From HRMagazine.com —
Avoid assumptions about what team members can do.
By LISA RABASCA ROEPE
Employees with disabilities often believe they don’t have the same opportunities for advancement within their companies as employees without disabilities do.
Overall, employees with disabilities are less confident that their skills will be used effectively or that their employer will trust them to use sound judgment when performing their jobs, according to a 2021 report from Mercer and Global Disability Inclusion.
Whether an employee with a disability is afforded the same leadership development opportunities as other employees often depends on the individual’s manager.
Leaders “need to look for ways to give people with disabilities opportunities to be visible in front of a group,” says PwC Tax Director Rob Rusch, a disability inclusion advocate. “If we live in a world where an individual in a wheelchair is visible, then it starts to break down that perception” that someone in a wheelchair may not be capable of performing a certain job.
Here are four ways managers can provide advancement opportunities for employees with disabilities.
More companies are encouraging employees with disabilities, particularly those with so-called invisible disabilities that aren’t readily apparent, to disclose their disability status. People who self-identify as having a disability are more engaged with their organizations, managers and teams than those who don’t self-identify, according to Mercer and Global Disability Inclusion’s The State of Disability Employment Engagement, which looked at 12 million responses to a global survey over a 10-year period ending in 2018.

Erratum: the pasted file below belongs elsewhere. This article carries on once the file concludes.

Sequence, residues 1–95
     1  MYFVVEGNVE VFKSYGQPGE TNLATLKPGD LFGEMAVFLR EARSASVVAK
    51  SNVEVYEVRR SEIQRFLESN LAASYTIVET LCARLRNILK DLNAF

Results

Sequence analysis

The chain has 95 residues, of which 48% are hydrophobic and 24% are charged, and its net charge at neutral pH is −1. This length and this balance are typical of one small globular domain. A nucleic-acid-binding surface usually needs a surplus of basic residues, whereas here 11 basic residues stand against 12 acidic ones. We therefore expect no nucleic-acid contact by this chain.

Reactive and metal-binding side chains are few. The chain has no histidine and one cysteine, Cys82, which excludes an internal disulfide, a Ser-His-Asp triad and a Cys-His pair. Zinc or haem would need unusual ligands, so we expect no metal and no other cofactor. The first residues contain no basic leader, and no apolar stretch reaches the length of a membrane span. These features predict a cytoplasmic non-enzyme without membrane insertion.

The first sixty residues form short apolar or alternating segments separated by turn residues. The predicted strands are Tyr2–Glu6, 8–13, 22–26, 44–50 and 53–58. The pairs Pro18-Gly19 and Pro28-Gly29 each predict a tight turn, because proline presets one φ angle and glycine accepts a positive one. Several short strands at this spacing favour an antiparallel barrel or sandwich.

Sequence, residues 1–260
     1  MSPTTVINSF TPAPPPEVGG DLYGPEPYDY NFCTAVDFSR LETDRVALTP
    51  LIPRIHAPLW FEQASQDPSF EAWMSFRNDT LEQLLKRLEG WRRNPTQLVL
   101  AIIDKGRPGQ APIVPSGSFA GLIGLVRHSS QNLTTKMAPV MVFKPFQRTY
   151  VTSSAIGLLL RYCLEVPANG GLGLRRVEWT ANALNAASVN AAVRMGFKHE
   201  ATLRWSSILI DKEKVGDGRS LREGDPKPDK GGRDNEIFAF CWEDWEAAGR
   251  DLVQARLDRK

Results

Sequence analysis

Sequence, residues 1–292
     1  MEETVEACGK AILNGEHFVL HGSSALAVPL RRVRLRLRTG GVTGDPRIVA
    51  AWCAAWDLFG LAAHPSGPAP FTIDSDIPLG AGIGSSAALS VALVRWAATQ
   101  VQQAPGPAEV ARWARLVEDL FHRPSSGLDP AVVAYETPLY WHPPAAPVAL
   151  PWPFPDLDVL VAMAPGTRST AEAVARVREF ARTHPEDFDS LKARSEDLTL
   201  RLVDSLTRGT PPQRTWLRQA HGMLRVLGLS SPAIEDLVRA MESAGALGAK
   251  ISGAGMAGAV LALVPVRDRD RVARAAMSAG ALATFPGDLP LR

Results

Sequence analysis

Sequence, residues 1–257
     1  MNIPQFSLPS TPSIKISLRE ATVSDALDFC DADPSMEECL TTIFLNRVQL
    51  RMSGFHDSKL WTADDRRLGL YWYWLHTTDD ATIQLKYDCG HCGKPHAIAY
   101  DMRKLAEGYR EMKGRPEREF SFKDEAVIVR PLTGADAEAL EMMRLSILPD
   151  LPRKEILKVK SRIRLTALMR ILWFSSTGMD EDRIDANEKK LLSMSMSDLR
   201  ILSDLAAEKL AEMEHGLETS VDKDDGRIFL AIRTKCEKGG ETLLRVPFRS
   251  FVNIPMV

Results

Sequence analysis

“I’m very comfortable identifying my disability, but I don’t have much choice because it’s an external physical disability,” says Rusch, who uses a power wheelchair. However, he understands how an employee with an invisible disability might be reluctant to disclose it because of concerns about how a manager or co-worker could react.
In 2021, 4 percent of 43,561 PwC partners and employees self-identified as having a disability, up from 2.6 percent of its 45,234 partners and employees in 2020, according to the 2021 PwC Purpose Report. However, the number of employees with disabilities is likely higher because not everyone chooses to self-identify, says Nesa Mangal, PwC firmwide communications manager.
At tech company Intel, 1.4 percent of its 110,600 employees self-identified as having a disability in 2020, says Dawn Jones, chief diversity and inclusion officer and vice president of social impact. Intel’s goal is to increase that number to 10 percent of the workforce by 2030.
“This is an important goal for us as we work toward an inclusive and psychologically safe environment where employees are empowered to bring their whole self to work and succeed,” Jones says.
Address Inaccurate Perceptions
Paula Jenkins, a project manager and executive chef at The Galley Dining Hall in Charleston, S.C., says that “because of first impressions, people with disabilities probably don’t always get the benefit of the doubt that [other people] get, especially if their disability is visible.”
Jenkins manages 120 employees, about 90 percent of whom have a disability. The Galley contracts with Palmetto Goodwill for employment services and makes it a priority to hire individuals with disabilities.
To educate her staff about their colleagues’ abilities, Jenkins asks pairs of employees to complete certain tasks—not so one person can “teach” the other, but so each can see what the other is capable of doing.